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Does Drinking Tea Cause Kidney Stones?

More people are trying to get the health benefits of tea, but it’s not the best drink for everyone. Should you drink tea if you have a history of kidney stones?

Have you discovered the health benefits of tea? It’s full of antioxidants, particularly the less fermented varieties, like green tea and white tea. Although animal studies support the health benefits of tea, human studies are still ongoing, although preliminary research shows drinking tea could lower the risk of diseases such as diabetes, heart attacks, and some types of cancer. One question that often arises is whether people with a history of kidney stones should drink it. Does drinking tea cause kidney stones?

Does Drinking Tea Cause Kidney Stones: Why is There Concern about Tea and Kidney Stones?

Along with all the good stuff in tea, tea contains natural compounds called oxalates. Oxalates bind with calcium in the urine to form calcium oxalate complexes that can precipitate out of the urine to form stones. Some people are at higher risk of developing calcium oxalate stones, especially those who have a personal or family history of kidney stones, and people who don’t drink enough water. Oxalates are also found in foods such as nut, spinach, chocolate, berries, Swiss chard, and beans. Doctors usually discourage people with a history of kidney stones from eating too many foods high in oxalates.

Even though tea has oxalates, the oxalates in tea aren’t very well absorbed by the body. This means you’d have to drink a lot of tea to drastically increase the risk of kidney stones – and there is a way to reduce the effects of oxalates in tea even further – by adding milk to tea. Milk reduces absorption of oxalates, but the casein in milk also binds to tea polyphenols, which reduces its health benefits.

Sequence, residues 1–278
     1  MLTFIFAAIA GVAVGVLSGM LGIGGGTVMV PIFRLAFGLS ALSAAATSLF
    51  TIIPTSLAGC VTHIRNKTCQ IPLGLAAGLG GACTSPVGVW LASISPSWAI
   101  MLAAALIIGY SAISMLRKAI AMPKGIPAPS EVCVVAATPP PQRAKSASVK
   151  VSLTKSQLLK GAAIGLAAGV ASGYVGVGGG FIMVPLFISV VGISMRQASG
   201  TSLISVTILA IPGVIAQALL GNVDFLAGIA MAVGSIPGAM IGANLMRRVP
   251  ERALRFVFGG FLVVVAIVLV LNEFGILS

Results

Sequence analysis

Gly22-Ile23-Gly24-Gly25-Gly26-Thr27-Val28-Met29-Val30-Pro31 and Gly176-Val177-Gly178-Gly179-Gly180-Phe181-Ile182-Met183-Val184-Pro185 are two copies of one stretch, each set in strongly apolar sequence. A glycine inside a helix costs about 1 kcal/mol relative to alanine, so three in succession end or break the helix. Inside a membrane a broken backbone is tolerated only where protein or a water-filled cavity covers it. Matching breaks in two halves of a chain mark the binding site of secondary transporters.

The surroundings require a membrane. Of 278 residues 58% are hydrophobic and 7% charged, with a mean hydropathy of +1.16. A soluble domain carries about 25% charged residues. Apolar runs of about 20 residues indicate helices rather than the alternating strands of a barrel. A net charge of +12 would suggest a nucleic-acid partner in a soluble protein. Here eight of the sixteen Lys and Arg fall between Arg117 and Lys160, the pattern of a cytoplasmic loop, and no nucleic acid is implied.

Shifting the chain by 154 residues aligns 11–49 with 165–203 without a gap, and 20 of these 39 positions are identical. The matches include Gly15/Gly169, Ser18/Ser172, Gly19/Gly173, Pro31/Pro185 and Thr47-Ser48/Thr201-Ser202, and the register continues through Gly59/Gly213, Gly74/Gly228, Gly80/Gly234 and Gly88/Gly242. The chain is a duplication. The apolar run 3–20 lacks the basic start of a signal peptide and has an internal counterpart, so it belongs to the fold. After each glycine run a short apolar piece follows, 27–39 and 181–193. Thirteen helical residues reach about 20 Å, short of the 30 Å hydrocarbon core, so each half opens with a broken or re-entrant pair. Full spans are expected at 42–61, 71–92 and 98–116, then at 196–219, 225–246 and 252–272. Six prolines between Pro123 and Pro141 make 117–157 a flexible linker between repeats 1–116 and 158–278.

Does Drinking Tea Cause Kidney Stones: The Bottom Line?

The oxalates in tea are mainly a concern for people who have a history of kidney stones. Normal people who drink enough fluids are unlikely to develop kidney stones from drinking tea, but a person who’s had them in the past should be cautious. Tea has health benefits, but like most things in life, it’s best to enjoy it in moderation. If you have a history of kidney stones, limit yourself to one or two glasses of tea a day and continue to drink lots of water.

References:

Nutrition Research 27 (5): 273–278. doi:10.1016/j.nutres.2007.04.004.

Eur J Clin Nutr. 2003 Mar;57(3):415-9.

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  1. thanks for the information. I seldom drink tea. most water.. great share.

  2. Great info. I don’t drink much tea recently.

  3. i really enjoyed reading this article on tea and it’s connections to kidneys. i always look forward to the bottom line at the end as this provided what the positive steps to take are. thanks krisite. i will follow your advice. i have one cup of green mint tea with brown crystal sugar without milk, once in the day and i feel very energetic. thanks krisite. i will follow your advice.

  4. Tea, spinach, tomatoes… the list goes on. Anything in moderation and plenty of water – that seems the way to go.

  5. Thanks for share . nice informative material and also check my article about \” OUR HEALTH AND OUR WORLD IS IN DANGER\” and you can also check more articles too ! Thanks

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